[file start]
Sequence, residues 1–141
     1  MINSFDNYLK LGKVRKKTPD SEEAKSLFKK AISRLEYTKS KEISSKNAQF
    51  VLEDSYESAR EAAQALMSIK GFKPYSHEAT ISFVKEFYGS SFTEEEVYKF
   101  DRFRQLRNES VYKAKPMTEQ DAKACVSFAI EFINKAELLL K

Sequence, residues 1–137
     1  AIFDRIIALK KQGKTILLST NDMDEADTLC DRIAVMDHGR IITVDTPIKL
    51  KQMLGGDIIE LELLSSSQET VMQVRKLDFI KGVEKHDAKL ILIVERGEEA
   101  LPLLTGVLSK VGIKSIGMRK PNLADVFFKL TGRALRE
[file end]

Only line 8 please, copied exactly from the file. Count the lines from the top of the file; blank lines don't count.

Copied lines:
   101  LPLLTGVLSK VGIKSIGMRK PNLADVFFKL TGRALRE